Sergey Semyonovich Namyotkin worked on Theoretical chemistry of hydrocarbon

Sergey Semyonovich Namyotkin – discoverer of camphene rearrangement

Article on Sergey Semyonovich Namyotkin

Biography & contributions

Sergey Semyonovich Namyotkin, a Russian chemist was born on July 03, 1876 – died on August 05, 1950. Namyotkin was best known for his great contributions in chemistry like research work on terpenes rearrangement mechanism of camphenes/ Nametkin rearrangements.

Namyotkin’s other important works include explained theoretical chemistry of hydrocarbon, scientific and applied problems in petrochemistry and studied mainly on synthesis of odoriferous substances, metallo-organic compounds.


Camphene is bicyclic monoterpene compound. Camphene is sparingly soluble in water, but very soluble in common organic solvents. Camphene volatilizes readily at room temperature and has a pungent smell. It is a minor constituent of many essential oils such as turpentine, cypress oil, camphor oil, citronella oil, neroli, ginger oil, and valerian.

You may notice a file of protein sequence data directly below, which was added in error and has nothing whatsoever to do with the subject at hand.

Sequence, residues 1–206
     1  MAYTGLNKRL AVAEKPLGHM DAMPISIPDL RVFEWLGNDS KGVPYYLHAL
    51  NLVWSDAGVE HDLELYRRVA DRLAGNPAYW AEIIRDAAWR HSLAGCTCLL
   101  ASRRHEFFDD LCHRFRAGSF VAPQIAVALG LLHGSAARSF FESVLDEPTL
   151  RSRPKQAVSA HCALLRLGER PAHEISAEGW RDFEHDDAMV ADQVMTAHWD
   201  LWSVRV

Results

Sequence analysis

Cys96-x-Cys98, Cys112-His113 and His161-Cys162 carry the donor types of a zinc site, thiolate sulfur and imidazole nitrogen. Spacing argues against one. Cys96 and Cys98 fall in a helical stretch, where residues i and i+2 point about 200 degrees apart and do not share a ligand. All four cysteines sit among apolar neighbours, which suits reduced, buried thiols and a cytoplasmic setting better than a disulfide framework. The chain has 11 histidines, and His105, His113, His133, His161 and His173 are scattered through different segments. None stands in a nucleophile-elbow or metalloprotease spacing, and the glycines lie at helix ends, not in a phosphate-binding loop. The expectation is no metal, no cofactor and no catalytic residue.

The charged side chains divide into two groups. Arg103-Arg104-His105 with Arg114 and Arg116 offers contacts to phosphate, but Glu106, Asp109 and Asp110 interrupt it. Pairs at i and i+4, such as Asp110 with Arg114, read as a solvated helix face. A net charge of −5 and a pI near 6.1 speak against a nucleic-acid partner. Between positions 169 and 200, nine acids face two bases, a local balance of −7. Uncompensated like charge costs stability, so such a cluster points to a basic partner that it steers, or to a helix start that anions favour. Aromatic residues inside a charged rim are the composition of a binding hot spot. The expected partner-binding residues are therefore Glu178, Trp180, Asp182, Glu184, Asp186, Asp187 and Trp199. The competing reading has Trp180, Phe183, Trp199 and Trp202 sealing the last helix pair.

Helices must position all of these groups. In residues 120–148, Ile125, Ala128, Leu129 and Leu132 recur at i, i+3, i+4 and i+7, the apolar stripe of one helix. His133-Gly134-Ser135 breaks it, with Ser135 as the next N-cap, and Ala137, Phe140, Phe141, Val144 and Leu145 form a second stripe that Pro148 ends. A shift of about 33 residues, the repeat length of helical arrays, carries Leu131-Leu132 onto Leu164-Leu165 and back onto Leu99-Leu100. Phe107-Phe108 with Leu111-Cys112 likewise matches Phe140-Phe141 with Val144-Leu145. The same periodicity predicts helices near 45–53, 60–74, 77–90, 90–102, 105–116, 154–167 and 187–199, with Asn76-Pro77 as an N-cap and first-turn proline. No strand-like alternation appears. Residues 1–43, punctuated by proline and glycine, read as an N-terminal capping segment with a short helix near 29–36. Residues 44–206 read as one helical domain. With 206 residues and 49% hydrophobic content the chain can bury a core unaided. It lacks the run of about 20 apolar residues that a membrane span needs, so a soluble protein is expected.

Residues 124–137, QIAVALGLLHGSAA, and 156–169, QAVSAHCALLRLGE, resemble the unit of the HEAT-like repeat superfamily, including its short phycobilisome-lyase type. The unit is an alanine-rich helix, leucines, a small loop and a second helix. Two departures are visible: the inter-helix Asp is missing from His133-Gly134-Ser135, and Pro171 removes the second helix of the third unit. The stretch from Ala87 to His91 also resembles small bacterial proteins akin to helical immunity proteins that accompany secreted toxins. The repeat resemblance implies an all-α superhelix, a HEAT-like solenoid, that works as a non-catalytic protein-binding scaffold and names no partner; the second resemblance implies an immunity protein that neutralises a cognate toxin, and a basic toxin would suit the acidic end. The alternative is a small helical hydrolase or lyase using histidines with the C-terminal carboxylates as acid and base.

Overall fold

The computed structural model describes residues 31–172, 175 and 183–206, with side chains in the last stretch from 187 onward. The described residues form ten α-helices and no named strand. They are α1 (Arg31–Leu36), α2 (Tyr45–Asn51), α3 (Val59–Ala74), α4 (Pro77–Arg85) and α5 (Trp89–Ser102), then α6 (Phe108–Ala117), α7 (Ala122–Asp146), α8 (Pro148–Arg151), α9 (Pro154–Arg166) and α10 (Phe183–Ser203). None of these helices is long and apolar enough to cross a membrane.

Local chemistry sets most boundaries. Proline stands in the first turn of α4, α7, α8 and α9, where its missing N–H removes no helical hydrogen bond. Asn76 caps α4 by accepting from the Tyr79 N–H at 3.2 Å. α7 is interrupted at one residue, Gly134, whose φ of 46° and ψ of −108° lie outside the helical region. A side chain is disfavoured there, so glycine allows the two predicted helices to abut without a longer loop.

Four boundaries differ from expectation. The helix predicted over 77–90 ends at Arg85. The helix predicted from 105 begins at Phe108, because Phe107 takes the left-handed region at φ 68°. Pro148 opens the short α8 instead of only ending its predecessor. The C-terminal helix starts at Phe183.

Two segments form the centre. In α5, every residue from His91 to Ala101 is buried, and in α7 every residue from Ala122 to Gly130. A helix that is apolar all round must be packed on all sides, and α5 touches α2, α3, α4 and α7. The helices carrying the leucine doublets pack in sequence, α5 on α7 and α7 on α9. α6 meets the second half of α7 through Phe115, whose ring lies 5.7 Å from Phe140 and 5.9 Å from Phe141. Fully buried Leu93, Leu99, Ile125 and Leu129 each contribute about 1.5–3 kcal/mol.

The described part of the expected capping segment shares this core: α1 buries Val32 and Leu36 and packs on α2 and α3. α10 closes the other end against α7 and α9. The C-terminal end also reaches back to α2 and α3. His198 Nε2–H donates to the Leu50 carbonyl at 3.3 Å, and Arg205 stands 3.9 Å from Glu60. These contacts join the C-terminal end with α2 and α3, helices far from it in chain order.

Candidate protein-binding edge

It is produced industrially by catalytic isomerisation of the alpha-pinene. Camphene is used as an intermediate for the preparation of flavor and fragrance chemicals and other organic chemicals such as camphor, toxaphene and isobornyl acetate.

Nametkin rearrangements

Nametkin rearrangement is nothing but a special case of carbonium ion rearrangement in camphene hydrochloride derivatives involving the migration of a methyl group. The shift or migration of the ring bond is actually a standard Wagner-Meerwein shift.

Wagner–Meerwein rearrangement

The Wagner-Meerwein rearrangement is an organic reaction used to convert an alcohol to an olefin using an acid catalyst. The rearrangement was also discovered in bicyclic terpenes for example the conversion of isoborneol to camphene.

The Wagner-Meerwein rearrangement begins with protonation of the alcohol by the acid which is then released as water to forms a carbocation. A 1,2-shift then occurs to form a more substituted and stabilized carbo-cation. A final deprotonation with water produces the final olefin product and regenerates the acid catalyst.

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